New version at post #18! As always, all feedback is welcome, and I'll do my best to return the favor. Also, everyone, I'm looking for beta/critique partners. If you're interested, I'm willing to swap pretty much anything YA. Message me!
After everything she’s lived through, Kell, a seventeen-year-old artist, doesn’t believe the world is worth saving. All she wants is get through the brutal Ravian occupation alive, and be rid of the guilt she harbors. However, when someone she cares about is nearly killed because of her, guilt drives her to accept a rebel mission, even though she knows she might not come back.
Sai, an eighteen-year-old ballerina, is only alive because of the sacrifices of others. She’s spent her life wrapped in secrets, running from the truth. Her only goal is to survive, and the only way to do that is to get off this planet. A rebel organization promises to smuggle her out, if she joins Kell’s mission. With nowhere else to turn, Sai agrees. And soon, Kell and Sai find in each other something they never knew they needed: friendship. Together, they begin to believe in hope.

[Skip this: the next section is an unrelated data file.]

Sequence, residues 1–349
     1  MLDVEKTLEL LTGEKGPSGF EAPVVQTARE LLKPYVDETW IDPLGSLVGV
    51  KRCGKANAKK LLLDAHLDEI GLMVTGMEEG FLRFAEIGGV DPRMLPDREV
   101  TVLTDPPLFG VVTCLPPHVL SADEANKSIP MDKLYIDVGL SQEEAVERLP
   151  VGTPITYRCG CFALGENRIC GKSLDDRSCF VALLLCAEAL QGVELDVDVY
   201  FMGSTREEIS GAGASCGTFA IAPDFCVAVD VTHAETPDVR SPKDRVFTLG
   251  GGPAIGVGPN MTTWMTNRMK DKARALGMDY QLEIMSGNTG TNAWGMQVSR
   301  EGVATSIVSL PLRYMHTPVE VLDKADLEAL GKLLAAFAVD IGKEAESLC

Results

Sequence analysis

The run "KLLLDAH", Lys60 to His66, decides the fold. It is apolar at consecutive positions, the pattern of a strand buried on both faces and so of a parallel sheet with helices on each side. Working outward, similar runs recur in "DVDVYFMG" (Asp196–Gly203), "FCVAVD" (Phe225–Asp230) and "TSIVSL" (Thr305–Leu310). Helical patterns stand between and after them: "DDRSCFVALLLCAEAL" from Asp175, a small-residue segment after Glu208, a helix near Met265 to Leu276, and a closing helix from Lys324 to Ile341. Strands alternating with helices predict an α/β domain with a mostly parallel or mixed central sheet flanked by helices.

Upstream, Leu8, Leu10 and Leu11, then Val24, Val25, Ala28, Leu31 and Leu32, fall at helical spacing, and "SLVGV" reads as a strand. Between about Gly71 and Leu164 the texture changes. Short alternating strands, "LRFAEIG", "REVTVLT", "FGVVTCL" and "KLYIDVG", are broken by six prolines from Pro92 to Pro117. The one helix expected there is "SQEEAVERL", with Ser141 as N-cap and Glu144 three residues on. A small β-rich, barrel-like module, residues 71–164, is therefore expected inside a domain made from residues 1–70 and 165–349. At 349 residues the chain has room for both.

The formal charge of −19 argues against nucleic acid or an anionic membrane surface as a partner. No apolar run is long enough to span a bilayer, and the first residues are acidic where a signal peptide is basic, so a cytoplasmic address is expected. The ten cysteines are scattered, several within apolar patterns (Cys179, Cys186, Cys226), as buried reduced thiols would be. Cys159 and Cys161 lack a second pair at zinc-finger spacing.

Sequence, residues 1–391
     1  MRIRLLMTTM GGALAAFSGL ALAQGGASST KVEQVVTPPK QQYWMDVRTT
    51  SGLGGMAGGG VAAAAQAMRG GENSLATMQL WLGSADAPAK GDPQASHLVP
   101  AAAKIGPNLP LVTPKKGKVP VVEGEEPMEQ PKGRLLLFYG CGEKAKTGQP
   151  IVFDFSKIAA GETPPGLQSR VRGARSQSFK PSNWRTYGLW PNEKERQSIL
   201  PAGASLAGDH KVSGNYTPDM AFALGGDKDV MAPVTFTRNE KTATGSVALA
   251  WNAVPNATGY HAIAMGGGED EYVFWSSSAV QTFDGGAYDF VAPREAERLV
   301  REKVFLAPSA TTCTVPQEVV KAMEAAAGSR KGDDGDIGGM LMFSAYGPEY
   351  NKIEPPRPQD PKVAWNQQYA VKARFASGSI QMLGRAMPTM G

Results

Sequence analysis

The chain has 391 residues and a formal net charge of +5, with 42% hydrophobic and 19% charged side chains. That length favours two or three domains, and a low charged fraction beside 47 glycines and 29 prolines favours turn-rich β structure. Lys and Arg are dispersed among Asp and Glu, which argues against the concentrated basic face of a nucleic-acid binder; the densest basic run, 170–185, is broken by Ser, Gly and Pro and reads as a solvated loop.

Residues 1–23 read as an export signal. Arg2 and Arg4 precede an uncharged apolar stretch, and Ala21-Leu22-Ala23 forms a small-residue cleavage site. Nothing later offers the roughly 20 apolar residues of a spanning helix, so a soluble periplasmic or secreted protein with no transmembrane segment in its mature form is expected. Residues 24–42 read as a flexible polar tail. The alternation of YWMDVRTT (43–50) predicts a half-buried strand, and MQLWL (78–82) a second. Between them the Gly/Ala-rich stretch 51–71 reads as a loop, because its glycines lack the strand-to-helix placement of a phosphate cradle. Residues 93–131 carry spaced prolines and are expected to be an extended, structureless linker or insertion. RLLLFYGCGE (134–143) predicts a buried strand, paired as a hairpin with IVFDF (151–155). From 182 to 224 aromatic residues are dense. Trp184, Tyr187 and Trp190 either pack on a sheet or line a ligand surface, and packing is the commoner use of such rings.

While Kell uncovers a Ravian weapon that could wipe out the rebels and seal her planet’s fate, Sai is captured and discovers more secrets from her past. She learns that their mission was a Ravian set-up, and they need Sai to unlock the weapon. As the only person capable of unleashing the weapon, Sai is also the only one who can stop it. Running away is no longer an option, but stopping the Ravians may require a sacrifice greater than she can give. Meanwhile, Kell faces a decision. With her mission completed, she could walk away right now and continue hiding, or even end it all and be rid of her guilt forever. Or, she could pick up her paintbrush and set free the truth, ignite the revolution, and turn her planet on its head. She could lose everything to save the world—and her friend.
THE SOCIETY OF DEGENERATE ARTISTS is a YA Sci-Fi complete at 100,000 words. Combining narrative with an assemblage of transcriptions, emails, top-secret documents, and personal logs, it may appeal to fans of Amie Kaufman and Jay Kristoff’s The Illuminae Files, as well as Elizabeth Wein’s Code Name Verity.